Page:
All Or Nothing: Arsenal Review — A Proper Rollercoaster Of Emotion

Let’s be honest, Arsenal fans have had a tough decade. After achieving unprecedented success in Arsène Wenger’s early years, the club fell from one of Europe’s elite to merely content to play in the Champions League to completely failing to qualify for any European competitions. 

In the 2021-22 season, Arsenal supporters were taken on the wildest of rollercoaster rides; the first season without European football in a quarter century was met with incredible highs and stupefying lows. 

And we got to see it all on “All Or Nothing: Arsenal,” the latest installment in Prime Video’s standout sports docuseries, one every soccer fan should watch after the final episode was released Thursday.

All Or Nothing: Arsenal Review

Let me get this out of the way: I consider myself an Arsenal fan. I’ve followed the club closely since Emmanuel Eboué was flying up and down Wenger’s right flank. Like most Americans picking a Premier League club to follow, I came to the team by chance — I liked playing as the Gunners on FIFA. I would never use “we” to describe the club, acknowledging that just because I watch every week and attended one match in person five years ago, I have no legitimate connection to the club other than picking them as “my team” in Europe. 

With that said, I dreaded watching All Or Nothing: Arsenal, because I knew all too well how it was going to end. (Spoiler alert: in tears.) I watched live week after week as Mikel Arteta turned the youngest team in the Premier League from bottom dwellers after three weeks to contending for the top three, only to throw it all away in the most painful of manners, in a 3-0 self-destruction against archrival Tottenham, condemning Arsenal to Europa League when Champions League qualification was there for the taking.

I knew I was going to cry at some point reliving that enigmatic season; I didn’t know I was going to be crying tears of joy over just how lovely it was to see (most of) the humans who make up Arsenal Football Cub.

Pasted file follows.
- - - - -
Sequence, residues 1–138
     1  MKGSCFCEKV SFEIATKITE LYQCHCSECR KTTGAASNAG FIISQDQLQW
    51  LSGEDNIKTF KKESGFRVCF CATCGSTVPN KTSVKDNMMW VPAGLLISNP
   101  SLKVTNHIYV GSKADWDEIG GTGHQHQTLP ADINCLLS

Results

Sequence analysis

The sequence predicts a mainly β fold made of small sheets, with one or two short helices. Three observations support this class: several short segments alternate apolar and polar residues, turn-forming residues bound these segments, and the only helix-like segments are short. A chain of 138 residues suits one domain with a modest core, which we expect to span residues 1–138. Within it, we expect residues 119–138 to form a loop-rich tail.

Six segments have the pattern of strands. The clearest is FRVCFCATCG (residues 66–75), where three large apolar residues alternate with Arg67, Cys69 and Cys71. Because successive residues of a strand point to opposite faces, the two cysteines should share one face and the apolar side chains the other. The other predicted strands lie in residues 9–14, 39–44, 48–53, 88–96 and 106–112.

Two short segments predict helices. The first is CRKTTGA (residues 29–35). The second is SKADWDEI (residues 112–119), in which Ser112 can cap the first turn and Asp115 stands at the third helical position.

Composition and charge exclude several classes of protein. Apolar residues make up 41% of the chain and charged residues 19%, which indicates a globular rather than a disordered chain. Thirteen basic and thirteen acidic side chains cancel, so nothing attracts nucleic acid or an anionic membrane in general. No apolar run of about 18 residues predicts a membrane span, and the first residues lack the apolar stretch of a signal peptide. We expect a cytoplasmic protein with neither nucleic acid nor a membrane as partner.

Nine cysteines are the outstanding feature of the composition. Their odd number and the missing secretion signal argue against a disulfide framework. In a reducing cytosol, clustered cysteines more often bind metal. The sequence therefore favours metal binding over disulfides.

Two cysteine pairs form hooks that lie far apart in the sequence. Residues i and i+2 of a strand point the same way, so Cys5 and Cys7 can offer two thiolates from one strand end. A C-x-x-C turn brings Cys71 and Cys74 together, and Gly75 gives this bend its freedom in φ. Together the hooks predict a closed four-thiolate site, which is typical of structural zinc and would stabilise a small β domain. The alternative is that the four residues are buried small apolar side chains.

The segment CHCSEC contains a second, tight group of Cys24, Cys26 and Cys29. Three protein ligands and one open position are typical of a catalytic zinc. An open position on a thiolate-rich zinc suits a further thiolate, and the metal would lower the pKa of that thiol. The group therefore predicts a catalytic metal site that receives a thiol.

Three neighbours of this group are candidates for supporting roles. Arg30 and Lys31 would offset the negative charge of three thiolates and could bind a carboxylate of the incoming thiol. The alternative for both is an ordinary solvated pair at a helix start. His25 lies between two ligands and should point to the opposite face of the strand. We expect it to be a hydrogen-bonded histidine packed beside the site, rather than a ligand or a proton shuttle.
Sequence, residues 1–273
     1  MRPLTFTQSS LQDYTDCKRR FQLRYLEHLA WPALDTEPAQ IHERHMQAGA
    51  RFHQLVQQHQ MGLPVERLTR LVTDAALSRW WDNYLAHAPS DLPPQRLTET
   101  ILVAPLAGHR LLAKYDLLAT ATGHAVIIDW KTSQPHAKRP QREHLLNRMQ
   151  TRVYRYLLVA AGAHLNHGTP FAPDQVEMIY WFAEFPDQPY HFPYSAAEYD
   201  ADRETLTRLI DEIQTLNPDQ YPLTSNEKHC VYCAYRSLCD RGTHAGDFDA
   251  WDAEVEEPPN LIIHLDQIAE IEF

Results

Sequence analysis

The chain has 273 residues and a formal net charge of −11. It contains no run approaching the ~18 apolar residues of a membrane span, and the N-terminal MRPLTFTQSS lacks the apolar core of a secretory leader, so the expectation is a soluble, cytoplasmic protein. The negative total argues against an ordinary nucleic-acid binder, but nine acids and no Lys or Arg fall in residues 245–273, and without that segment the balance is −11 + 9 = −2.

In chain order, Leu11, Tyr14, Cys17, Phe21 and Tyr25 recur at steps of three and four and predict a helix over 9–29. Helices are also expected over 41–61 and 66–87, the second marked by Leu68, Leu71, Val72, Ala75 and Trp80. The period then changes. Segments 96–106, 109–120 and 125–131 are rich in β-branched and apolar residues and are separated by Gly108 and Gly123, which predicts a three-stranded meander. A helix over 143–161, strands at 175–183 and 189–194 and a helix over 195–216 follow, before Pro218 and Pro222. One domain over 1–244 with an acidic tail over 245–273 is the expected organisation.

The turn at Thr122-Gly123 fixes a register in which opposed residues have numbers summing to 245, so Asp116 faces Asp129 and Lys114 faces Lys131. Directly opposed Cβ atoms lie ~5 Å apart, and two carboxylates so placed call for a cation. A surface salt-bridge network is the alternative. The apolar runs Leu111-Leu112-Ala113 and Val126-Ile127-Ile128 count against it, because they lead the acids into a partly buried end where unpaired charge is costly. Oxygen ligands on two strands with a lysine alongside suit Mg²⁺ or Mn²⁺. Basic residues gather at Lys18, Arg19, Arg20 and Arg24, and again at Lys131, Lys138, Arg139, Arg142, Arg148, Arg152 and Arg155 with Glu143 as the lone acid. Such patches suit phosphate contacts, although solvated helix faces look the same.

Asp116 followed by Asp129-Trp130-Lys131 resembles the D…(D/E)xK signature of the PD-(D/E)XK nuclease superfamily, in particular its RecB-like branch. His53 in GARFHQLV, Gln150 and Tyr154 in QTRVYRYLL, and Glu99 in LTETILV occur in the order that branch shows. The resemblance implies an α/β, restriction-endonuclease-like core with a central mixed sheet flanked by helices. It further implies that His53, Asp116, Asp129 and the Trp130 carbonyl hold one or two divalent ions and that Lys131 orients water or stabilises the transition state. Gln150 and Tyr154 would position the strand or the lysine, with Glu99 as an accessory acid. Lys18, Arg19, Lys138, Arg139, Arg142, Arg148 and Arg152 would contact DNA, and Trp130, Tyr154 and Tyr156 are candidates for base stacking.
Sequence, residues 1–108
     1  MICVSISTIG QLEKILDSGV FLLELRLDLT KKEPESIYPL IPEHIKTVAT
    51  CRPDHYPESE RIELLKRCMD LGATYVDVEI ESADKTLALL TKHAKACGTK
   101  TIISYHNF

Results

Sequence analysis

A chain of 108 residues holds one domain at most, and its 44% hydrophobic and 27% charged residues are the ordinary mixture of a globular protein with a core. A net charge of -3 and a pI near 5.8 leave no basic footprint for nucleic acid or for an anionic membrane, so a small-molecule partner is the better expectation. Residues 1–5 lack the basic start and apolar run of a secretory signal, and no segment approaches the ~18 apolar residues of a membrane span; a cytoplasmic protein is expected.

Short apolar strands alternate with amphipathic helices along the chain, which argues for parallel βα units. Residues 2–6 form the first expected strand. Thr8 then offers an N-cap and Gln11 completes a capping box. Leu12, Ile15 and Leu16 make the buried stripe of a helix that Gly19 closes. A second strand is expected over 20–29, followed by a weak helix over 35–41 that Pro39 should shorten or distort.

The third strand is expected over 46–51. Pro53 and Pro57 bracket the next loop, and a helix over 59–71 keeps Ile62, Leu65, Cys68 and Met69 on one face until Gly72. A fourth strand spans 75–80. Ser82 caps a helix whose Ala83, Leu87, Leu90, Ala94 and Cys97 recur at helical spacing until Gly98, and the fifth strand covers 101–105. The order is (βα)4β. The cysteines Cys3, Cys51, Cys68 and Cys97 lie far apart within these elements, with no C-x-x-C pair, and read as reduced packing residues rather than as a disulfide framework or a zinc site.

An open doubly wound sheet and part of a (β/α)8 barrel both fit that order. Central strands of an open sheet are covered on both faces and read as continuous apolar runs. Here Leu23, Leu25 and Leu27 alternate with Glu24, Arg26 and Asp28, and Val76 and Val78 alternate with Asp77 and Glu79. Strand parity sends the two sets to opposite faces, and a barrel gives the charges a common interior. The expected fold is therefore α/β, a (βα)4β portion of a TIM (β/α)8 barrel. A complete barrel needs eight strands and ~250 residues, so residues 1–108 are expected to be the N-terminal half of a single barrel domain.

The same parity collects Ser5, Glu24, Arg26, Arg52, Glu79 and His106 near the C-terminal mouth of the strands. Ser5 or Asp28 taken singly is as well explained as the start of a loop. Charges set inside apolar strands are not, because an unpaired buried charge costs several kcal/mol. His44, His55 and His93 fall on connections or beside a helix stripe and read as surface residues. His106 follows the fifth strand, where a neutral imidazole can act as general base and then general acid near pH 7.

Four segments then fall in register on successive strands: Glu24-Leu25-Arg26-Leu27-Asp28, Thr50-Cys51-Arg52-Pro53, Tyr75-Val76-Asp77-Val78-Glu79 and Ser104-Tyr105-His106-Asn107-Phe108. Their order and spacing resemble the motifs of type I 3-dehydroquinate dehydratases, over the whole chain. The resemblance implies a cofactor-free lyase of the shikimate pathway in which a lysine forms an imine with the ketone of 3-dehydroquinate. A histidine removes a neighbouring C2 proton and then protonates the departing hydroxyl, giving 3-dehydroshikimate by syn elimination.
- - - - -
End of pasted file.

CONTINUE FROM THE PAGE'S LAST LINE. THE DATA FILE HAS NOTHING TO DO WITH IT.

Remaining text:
Super Mik; Douchey Josh

I have to admit, I haven’t seen all of the previous All Or Nothing series. I’ve watched bits and pieces of Manchester City and Borussia Dortmund, but I only saw the memes and jokes from other series like Juventus and Brazil. 

I preface that to say I’m not familiar with how humanizing the All Or Nothing: Tottenham series may have been for folks like José Mourinho and Harry Kane. What I can say is even after following this team for years, All Or Nothing: Arsenal gave me a new appreciation for how likeable most of the figures are at Arsenal.

I say most because there are two notable exceptions to the rule: Josh Kroenke and Thomas Partey.

Kroenke is the bearded bro given control of the club by his obscenely wealthy father, Stan Kroenke. Josh’s face and words scream entitled piece of shit every time he pops up on screen, even if he does show some intuition (or maybe laziness) by sticking with Arteta through the opening three losses of the 2021-22 season. To be fair, if my mommy and daddy were as rich as Josh’s, I’d probably be an overconfident twat too.

Then there’s Partey, who was almost entirely left out of the series. Despite him being a starter the entire season when healthy, I can’t remember a single scene in which he was the focus, with the exception of the medical staff discussing his injury that coincided with a late-season tailspin. The reason for this is probably based on rumors discussed here

These two figures stand in sharp contrast to the rest of the club, with players and coaches coming off as sincere, likeable young people. (Most humans are sincere and likeable once you get to know them, but that won’t stop people from hating others.) Arteta in particular showed why the club has put so much faith in him — and it’s not for his fantastic artwork.